Hebe is a genus of flowering plants in the family Plantaginaceae, native to New Zealand and southern South America. The most popular varieties of Hebe are Golden Pixie, Rosie, and Red Edge for their beautiful colors.

Petunia

Petunia is a beautiful, flowering border plant that does well in rich, fertile soil. It only requires watering when the weather is dry and has a long flowering period that lasts from summer to fall. Its similar growing conditions make it an excellent companion plant choice for Russian sage.

Petunias are a popular variety of sage companion plants that go well with other plants. They come in a range of colors, including blue, purple, white, pink, and red. Additionally, they are 18 inches tall and 18 inches wide. Some popular varieties of petunias include the Tumbelina, Crazytunia, and Double Wave series.

Goldenrod

Goldenrod is a well-drained plant that grows in full sun. It self-seeds but also needs some water. Goldenrod is related to the daisy family.

Goldenrod is an invasive weed that can grow up to 5-5 feet tall. It can quickly take over an area and crowd out other plants, so it’s best to avoid planting it near sage companion plants.

Lilies

Lilies are a beautiful addition to any garden, but they can also be susceptible to certain diseases and pests. Botrytis fungus, for example, can grow on lilies, and if not treated, can kill the plant. Russian Sage is a great companion plant for lilies because it has similar growth requirements and stunning blooms. Additionally, Lilium spp. is the botanical name for lily plants, so you can be sure you’re getting the right information. The average size for these plants is 1-4 feet tall.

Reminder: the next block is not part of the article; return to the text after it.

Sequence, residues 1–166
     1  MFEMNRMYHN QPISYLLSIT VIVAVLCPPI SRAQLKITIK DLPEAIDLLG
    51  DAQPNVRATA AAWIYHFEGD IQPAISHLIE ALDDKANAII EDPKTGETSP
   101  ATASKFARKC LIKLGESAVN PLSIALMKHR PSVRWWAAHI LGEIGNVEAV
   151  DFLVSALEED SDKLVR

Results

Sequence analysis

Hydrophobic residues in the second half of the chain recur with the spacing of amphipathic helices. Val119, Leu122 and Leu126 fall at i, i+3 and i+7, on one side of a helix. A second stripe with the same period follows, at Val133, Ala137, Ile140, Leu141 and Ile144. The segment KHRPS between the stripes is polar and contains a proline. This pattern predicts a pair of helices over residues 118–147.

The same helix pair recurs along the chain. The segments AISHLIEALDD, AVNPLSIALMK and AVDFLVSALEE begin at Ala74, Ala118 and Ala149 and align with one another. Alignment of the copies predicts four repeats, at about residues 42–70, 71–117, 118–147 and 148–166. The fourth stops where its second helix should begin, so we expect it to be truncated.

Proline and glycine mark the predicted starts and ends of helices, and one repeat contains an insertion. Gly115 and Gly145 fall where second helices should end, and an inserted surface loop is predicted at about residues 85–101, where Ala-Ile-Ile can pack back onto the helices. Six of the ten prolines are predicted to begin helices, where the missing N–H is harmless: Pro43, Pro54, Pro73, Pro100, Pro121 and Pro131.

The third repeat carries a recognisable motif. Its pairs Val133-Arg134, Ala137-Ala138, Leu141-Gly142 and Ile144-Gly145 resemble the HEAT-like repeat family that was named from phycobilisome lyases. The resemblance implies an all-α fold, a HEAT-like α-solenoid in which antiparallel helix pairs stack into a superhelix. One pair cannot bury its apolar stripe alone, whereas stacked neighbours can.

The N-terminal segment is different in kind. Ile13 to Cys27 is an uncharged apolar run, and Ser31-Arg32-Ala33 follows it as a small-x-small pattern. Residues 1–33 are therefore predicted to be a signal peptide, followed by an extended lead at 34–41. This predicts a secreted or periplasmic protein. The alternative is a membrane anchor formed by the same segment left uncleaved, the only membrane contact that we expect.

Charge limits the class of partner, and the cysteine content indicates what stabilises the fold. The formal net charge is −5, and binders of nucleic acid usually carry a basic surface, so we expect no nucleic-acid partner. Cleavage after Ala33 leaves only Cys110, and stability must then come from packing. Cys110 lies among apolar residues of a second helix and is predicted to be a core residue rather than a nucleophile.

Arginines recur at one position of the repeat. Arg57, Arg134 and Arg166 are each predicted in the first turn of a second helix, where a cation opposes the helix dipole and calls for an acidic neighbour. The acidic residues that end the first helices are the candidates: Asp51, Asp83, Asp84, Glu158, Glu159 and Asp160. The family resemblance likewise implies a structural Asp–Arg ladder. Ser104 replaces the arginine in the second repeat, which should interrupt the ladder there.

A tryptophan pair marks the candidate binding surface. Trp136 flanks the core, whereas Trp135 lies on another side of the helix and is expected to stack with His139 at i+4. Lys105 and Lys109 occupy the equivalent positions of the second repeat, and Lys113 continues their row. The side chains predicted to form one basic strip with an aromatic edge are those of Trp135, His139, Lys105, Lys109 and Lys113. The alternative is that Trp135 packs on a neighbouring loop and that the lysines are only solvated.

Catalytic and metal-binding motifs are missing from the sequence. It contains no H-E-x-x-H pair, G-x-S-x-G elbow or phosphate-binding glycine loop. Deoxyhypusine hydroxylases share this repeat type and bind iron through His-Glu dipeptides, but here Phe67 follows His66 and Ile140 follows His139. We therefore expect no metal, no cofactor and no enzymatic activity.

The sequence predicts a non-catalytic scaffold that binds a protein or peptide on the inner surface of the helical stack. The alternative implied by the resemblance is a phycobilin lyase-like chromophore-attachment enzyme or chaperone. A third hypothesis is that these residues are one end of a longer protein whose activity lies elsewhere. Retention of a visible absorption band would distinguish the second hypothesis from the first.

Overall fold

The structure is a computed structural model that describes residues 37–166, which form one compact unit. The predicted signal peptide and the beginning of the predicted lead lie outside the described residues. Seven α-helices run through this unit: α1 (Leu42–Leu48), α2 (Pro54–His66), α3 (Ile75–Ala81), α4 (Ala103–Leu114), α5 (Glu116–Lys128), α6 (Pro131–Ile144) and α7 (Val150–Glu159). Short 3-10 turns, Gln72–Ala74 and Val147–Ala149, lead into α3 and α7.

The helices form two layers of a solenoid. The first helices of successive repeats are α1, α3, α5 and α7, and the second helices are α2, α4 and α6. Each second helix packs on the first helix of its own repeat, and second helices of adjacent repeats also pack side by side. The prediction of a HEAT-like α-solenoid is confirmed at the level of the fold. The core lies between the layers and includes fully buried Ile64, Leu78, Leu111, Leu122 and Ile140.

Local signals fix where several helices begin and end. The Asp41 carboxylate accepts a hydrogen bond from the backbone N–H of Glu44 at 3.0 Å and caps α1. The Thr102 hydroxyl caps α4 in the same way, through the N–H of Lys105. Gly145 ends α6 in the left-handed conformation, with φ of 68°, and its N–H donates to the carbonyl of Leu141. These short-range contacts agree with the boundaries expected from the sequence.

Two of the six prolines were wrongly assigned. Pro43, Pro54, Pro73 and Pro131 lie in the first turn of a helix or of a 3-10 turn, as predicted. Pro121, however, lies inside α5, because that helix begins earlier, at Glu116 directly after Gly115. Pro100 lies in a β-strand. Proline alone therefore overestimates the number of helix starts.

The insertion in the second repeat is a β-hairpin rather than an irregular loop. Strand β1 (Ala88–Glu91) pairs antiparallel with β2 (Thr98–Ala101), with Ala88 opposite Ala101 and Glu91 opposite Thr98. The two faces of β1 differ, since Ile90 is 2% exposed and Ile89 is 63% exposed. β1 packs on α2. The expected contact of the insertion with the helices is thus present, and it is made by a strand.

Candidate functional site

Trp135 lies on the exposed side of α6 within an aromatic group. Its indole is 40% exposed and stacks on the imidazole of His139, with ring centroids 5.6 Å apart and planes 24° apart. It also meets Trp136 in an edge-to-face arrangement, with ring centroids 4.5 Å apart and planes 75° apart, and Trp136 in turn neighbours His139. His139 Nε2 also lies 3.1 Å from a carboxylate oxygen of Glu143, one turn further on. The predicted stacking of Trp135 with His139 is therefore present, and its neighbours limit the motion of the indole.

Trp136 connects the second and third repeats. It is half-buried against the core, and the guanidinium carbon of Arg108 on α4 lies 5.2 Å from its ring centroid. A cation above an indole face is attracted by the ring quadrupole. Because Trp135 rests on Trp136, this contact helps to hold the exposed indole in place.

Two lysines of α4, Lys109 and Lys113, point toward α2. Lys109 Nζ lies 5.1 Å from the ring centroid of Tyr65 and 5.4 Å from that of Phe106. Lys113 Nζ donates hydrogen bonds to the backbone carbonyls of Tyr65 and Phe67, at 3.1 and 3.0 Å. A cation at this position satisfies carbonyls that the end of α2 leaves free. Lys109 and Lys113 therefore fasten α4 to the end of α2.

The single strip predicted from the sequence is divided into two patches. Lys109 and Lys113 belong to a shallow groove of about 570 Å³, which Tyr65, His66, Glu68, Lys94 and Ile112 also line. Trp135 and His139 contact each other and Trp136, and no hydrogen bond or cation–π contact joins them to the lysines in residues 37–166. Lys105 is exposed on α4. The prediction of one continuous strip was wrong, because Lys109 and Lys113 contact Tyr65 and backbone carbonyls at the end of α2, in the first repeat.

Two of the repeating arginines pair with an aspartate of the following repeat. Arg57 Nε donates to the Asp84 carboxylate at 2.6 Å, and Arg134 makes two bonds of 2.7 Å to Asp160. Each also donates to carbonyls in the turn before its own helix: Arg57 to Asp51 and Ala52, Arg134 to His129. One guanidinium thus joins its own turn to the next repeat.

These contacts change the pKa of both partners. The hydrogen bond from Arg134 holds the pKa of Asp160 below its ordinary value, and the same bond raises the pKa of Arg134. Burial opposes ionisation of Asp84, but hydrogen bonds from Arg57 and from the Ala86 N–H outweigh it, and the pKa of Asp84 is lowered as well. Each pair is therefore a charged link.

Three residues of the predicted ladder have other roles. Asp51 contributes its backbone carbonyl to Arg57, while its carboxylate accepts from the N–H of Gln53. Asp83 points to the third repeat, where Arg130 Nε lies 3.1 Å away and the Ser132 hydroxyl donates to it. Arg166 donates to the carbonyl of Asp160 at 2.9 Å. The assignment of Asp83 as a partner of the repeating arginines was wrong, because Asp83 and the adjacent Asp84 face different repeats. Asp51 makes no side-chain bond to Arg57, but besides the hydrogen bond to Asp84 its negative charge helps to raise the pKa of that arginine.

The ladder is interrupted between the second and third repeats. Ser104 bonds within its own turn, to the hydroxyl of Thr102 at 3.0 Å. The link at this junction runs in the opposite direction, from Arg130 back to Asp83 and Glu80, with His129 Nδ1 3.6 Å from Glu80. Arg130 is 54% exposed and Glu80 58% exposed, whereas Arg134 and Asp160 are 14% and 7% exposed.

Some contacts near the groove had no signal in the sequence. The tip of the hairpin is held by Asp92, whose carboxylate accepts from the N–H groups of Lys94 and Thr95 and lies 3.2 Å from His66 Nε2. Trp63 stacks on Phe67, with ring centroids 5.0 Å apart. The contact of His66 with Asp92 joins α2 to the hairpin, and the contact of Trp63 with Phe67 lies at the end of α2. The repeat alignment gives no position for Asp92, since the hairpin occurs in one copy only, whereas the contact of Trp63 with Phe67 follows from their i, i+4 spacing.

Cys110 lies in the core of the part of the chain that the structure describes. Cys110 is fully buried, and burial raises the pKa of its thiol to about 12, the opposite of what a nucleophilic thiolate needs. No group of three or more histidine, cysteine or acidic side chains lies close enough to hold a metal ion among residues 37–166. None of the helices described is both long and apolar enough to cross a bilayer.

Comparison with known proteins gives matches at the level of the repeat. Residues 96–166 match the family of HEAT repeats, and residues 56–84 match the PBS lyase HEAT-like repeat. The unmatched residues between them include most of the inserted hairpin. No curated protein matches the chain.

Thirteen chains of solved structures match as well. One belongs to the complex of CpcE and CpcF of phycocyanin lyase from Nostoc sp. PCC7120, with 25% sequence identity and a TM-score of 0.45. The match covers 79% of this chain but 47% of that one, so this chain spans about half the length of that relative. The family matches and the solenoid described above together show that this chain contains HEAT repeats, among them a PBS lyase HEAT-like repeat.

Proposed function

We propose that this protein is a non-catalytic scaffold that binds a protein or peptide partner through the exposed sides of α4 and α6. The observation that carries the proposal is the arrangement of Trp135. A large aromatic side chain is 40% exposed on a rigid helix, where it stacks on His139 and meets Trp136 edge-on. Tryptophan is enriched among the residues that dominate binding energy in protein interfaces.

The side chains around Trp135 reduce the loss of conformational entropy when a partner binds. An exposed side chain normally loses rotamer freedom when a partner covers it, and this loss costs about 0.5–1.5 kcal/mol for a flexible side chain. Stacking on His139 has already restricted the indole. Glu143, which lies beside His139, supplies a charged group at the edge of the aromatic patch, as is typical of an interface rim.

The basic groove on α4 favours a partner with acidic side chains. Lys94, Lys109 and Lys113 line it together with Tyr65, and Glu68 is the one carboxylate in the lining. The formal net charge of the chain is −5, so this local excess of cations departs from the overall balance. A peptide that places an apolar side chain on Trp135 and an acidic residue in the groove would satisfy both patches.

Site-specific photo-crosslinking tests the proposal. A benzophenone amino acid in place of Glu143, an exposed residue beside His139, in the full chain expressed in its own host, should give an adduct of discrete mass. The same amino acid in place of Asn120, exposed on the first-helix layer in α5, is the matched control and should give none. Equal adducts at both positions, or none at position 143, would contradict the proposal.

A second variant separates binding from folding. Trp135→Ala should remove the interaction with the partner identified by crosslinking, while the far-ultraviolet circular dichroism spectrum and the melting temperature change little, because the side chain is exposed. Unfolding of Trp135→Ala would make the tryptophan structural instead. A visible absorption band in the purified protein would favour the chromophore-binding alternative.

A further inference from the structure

What not to plant near Russian Sage

Russian sage is a beautiful perennial plant that can be used in gardens and landscaping projects. It pairs well with a lot of plants and flowers, but there are some plants that you should avoid planting near it. Russian sage is deer-resistant and does not attract pests, making it an ideal choice for companion planting.

Cucumbers

Bush cucumbers are a space-saving option that can offer high yields. They are easy to care for and grow, making them a popular choice for gardeners. Elm Oyster Mushrooms are a type of mushroom that is becoming increasingly popular for their taste and texture. It is easy to grow, making it a good choice for beginner mushroom growers. Fountain Grass is a popular ornamental grass that can be found in many gardens. However, there are several issues that can cause it to turn yellow, including lack of water, pests, and diseases.

Onions

Companion planting is a great way to improve the health and productivity of your garden. When pairing plants, it is important to consider what each plant needs in order to thrive. For example, onions make a great companion plant for broccoli, cauliflower, rosemary, cabbage, and carrots. They help repel pests such as cabbage moths and black flea beetles. However, you should avoid planting sage near cucumbers, onions, or rue. Sage has foliage that is variegated with different colors and this can attract unwanted pests.

What plant goes well with Russian sage?

The Russian sage plant is a type of herb that can be used with many other plants. There are many different herbs that go well with Russian sage and it’s important to use your imagination when mixing and matching plants together.

What should not be planted with sage?

Typically, sage is used to help attract butterflies and bees as well as other pollinators. However, there are a few plants that should not be planted with sage. One of these plants is sagebrush.

What can I plant with Little Spire Russian sage?

Little spire Russian sage can live in areas that are up to Zone 7, so it is a great plant to add to your garden. It will also thrive in full sun or partial shade. It is a great plant to add in order to repel deer and rabbits while also attracting birds.

Where do you put Russian sage?

It is classified as an herbaceous perennial that can grow up to 3 feet in height. The leaves of the plant are often used to make potpourri.”